A Year with the Saints – 21 September


We should set a high value on meditation upon the Passion of our Redeemer. For a simple remembrance or meditation upon this is worth more than if for a whole year one should take the discipline to blood, or fast on bread and water every week, or recite the whole psalter every day. Blessed Albertus Magnus

This was an ordinary subject of meditation with Saint Francis Xavier, and a continual one with Saint Casimir, even when hearing Mass, and he applied himself to it with so much intensity that he frequently became insensible. Saint Bridget, too, made it almost always, and never without tears. The Empress Leonora, from long meditations on the Passion, conceived so tender a love for Jesus Crucified that if she had been equally sure, as she said, of being saved in the midst of ease and honors, she would have chosen in preference the way of the Cross, that she might in some degree resemble her Lord. Thence she drew that generosity which enabled her to conceal her illness and bodily pains, and refrain from complaint or lamentation. And if anyone, in such cases, seemed to sympathize with her, the humble servant of God would say: “This cross is very light and very dear to me; without it I could not be contented. I have very great need of it – I should otherwise be too presumptuous.”

The venerable Monseigneur de Palafox often practiced the same exercise. Sometimes he represented his soul under the figure of a bird flying, and then becoming weary, and resting upon the nail which fastened Our Lord’s feet to the Cross; then contemplating Him, and drinking with the greatest consolation the Blood that flowed from His Wounds. Again, he would take the figure of a bee, going as, from flower to flower, to one or another wound of Our Lord – to those of the head, the hands, the feet and especially to that of the side, into which he would enter and bathe himself. Sometimes, when weary of temporal things, such as writing or study, he would turn to the feet of Jesus, saying, “My Jesus, let me rest here!”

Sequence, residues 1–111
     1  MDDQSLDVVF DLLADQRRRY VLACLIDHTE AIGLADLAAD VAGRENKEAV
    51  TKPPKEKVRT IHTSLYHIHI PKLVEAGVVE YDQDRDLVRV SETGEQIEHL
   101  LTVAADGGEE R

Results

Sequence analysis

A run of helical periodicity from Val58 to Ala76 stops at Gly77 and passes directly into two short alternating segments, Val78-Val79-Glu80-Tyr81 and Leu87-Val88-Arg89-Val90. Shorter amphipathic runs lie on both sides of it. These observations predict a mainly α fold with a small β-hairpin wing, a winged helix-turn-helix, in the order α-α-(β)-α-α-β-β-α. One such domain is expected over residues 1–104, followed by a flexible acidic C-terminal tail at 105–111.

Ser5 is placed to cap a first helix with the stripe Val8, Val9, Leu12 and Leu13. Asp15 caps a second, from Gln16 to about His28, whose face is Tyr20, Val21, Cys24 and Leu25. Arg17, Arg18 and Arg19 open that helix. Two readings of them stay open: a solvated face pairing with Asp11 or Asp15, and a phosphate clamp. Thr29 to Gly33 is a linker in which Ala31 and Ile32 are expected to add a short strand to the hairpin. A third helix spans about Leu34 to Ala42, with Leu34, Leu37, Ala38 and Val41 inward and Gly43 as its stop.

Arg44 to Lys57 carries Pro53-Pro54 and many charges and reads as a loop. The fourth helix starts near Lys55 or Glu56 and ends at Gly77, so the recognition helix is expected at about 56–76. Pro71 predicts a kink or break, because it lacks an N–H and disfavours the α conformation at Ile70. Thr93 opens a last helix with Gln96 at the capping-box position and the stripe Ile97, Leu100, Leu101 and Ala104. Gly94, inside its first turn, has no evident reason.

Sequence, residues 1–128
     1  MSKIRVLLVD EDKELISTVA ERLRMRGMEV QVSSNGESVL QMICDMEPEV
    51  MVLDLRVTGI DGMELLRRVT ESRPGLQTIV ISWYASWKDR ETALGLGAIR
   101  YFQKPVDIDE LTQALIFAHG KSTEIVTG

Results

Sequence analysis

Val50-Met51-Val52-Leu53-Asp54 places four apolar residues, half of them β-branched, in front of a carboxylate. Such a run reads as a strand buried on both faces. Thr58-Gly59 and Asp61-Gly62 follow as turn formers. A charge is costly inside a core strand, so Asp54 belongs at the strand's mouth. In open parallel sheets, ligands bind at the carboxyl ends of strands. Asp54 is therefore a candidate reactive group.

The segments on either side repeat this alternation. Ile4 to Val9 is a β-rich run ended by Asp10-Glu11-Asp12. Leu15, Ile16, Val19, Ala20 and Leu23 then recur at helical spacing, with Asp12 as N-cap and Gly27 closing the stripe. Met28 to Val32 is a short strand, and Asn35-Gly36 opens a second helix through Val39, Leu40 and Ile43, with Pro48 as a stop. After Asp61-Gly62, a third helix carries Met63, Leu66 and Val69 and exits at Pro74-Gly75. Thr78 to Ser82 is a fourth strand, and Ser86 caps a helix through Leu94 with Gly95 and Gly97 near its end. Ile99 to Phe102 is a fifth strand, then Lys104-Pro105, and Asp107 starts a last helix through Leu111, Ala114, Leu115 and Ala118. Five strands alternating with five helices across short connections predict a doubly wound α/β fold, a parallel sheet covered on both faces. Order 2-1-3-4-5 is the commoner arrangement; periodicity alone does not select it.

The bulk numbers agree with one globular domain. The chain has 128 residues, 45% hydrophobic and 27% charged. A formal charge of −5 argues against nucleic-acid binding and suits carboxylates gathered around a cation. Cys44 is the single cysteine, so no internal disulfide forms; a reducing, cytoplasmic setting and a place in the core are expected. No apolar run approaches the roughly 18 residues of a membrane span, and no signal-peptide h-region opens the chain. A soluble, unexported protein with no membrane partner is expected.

This devotion rose to a singular height in Saint Philip Neri, who could not meditate, nor read, nor speak, nor hear of the Passion of our Saviour, without becoming pale as ashes and shedding a flood of tears. This was especially the case in Holy Week, and still more, if any mention was made of the love with which He suffered for us. One day, when he was preaching on this topic, he was overcome by extraordinary fervor and began to weep and sob so violently that he could not recover his breath, and was obliged to descend from the pulpit and leave the church. As this occurred many times, and could not be prevented, he was obliged for some years before his death to give up preaching on this subject; and he could not speak of it even in private. He even became so sensitive that at times, if he only heard the words Passion of Christ, he would weep so as to be unable to utter a word.

A similar thing is said to have happened, on a Good Friday, to the venerable Father Louis de Grenada, when he went into the pulpit to preach on the Passion. Scarcely had he uttered the words, “Passio Domini nostri Jesu Christi,” when he burst into a torrent of tears. After he had recovered his breath a little, he repeated the same words, but with the words the tears came back, and more abundantly than at first. Finally he made a vigorous effort to begin the sacred words for a third time; but a third time the fit of weeping returned, with such force and violence that it excited universal commotion through the audience, so that for a long time nothing was to be heard in the church but sobs and cries. And so the sermon ended without having begun.

MLA Citation